The Montana House and the Glacier National Park Fund are pleased to co-host a presentation by Cristina Eisenberg, Research Director and Conservation Biologist, and author of The Wolf’s Tooth. The event will be at 7 pm Saturday evening, September 15th at the Montana House in Apgar Village.
Current science provides many examples of how re-wilding landscapes by restoring apex predators, such as wolves, creates healthier more resilient ecosystems. Dr. Cristina Eisenberg will present examples from her work with wolves and others’ work in ecosystems worldwide that demonstrate these powerful and essential ecological relationships. However, human coexistence with carnivores is not simple. Dr. Eisenberg will share field accounts from her recent research for her forthcoming book about carnivores in which she traveled from Montana to Alaska along the Rocky Mountains examining how carnivores affect ecosystems ─and our human relationships to these powerful creatures.
Eisenberg earned her doctorate in Forestry and Wildlife at Oregon State University. Her trophic cascades scientific research focuses on the ecological effects of wolves and fire in Rocky Mountain ecosystems. She is the research director on the High Lonesome Ranch in Colorado, a conservation ranch managed using a Land Ethic model. Her book, The Wolf’s Tooth: Trophic Cascades and Biodiversity was published in April 2010. She is currently working on her second book: The Carnivore Way: A Transboundary Conservation Vision for a Changing World, and serves on the editorial board of the Whitefish Review. An Aldo Leopold scholar, and a hunter, Cristina has lived in the rural West for many years. She is actively engaged in ecological restoration that supports ecosystem-scale carnivore conservation and implementation of fire on private and public lands. When she isn’t at Oregon State University, she lives in a log cabin with her family in a remote part of northwest Montana.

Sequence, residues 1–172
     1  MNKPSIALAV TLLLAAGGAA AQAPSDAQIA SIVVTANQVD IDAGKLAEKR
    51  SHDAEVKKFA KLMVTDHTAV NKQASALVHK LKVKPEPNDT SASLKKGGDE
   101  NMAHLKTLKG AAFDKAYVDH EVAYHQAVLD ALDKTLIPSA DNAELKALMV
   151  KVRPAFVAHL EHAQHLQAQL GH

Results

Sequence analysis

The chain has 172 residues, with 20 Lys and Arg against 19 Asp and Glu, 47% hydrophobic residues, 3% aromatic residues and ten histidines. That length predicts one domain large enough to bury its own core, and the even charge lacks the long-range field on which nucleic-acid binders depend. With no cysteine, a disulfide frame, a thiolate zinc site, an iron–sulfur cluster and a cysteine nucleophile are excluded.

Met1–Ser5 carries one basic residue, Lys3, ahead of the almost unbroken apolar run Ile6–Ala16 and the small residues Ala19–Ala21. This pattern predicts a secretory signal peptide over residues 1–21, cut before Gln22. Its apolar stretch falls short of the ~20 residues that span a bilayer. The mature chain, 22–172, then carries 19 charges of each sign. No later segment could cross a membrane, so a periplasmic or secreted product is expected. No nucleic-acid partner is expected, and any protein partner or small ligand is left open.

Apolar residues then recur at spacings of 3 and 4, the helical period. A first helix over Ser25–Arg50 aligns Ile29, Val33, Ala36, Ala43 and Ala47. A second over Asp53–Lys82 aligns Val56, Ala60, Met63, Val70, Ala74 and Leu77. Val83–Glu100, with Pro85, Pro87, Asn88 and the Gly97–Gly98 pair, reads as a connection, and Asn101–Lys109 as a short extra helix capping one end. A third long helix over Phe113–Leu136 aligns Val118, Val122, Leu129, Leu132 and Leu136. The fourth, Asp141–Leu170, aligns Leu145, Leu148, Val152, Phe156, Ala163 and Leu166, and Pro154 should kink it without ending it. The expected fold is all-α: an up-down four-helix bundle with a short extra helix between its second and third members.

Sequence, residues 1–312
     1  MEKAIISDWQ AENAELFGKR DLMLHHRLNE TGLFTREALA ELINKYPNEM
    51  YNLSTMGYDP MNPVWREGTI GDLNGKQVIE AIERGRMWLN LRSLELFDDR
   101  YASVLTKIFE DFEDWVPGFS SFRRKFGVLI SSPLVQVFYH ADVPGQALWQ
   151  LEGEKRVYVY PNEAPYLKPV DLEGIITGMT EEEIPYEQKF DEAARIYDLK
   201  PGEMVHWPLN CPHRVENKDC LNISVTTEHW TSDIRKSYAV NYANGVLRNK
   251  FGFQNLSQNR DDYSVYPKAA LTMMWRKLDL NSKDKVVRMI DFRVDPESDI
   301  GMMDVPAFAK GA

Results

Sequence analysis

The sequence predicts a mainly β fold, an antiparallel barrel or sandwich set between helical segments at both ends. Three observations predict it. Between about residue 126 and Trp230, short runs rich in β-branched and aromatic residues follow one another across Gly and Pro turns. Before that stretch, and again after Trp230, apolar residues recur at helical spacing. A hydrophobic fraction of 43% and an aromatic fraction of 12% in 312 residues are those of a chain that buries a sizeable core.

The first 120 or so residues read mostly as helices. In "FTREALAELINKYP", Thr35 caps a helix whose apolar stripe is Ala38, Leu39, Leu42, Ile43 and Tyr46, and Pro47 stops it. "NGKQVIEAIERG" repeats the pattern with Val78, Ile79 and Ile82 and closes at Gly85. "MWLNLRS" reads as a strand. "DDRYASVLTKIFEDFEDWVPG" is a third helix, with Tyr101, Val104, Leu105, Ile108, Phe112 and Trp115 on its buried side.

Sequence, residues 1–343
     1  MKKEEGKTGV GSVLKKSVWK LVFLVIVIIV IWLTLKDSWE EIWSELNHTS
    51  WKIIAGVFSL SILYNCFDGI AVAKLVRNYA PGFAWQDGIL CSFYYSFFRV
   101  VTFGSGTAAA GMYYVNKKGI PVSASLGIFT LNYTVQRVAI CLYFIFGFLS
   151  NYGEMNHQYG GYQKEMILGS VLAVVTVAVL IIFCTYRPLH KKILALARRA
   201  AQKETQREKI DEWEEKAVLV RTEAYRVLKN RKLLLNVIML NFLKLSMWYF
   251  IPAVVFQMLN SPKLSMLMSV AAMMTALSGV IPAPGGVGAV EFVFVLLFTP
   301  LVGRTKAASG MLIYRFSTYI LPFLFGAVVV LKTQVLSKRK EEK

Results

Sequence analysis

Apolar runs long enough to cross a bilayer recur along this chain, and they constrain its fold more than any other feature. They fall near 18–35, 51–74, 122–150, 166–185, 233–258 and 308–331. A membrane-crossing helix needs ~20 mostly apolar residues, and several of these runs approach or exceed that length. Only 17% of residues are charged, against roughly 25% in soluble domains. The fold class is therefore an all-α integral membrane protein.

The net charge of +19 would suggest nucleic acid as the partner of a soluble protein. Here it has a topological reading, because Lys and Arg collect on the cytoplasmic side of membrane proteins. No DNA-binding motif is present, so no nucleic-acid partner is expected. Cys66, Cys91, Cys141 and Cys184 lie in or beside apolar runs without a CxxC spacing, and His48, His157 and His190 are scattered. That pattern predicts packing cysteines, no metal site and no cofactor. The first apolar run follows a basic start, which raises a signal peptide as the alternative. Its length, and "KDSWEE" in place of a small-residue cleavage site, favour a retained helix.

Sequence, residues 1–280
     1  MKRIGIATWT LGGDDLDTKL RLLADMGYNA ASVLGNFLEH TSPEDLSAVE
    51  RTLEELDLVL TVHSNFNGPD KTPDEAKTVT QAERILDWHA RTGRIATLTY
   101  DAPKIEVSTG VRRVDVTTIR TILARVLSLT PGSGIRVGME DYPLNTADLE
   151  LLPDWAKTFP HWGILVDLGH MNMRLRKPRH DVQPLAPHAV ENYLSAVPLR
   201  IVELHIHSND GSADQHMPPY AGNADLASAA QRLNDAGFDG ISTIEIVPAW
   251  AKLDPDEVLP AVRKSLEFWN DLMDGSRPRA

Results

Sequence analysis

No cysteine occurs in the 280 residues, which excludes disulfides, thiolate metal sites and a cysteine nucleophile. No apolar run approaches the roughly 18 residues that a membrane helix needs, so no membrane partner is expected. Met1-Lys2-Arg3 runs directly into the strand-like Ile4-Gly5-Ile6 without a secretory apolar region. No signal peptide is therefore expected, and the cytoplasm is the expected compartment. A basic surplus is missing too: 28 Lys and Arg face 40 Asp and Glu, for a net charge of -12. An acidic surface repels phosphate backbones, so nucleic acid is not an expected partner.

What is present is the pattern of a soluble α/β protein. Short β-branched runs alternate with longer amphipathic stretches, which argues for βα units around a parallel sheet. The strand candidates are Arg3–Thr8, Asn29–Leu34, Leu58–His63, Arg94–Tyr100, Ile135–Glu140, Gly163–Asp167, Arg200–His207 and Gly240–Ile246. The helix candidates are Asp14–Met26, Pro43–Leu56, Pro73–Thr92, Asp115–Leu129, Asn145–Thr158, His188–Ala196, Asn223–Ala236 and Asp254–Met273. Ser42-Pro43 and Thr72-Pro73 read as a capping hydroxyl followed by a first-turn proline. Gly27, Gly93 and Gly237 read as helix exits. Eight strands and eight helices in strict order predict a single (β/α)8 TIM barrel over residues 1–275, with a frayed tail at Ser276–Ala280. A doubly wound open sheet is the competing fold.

The presentation at the Montana House will be at 7 p.m. with time for questions and a reception to follow. The event is open to the public without charge, but seating is limited, so reservations are needed. Please call 406-888-5393 for additional information and to reserve your seats.
Hans and Toni Jungster established the Montana House Regional Craft Shop in 1960 in Apgar Village, just inside Glacier National Park. Their daughter, Monica and staff continue to carry on their mission: to celebrate and promote the creativity of Montana and Native American artists and craftsmen for our mutual benefit. The Montana House has been a long time avid supporter of Glacier Park and celebrated its own 50th anniversary on June 26, 2010.
The Glacier National Park Fund is the non-profit partner for Glacier National Park, whose mission is to preserve and protect the beauty and heritage of the Park for the use and enjoyment of present and future generations. For further information, call 406-892-3250 or go to www.glaciernationalparkfund.org.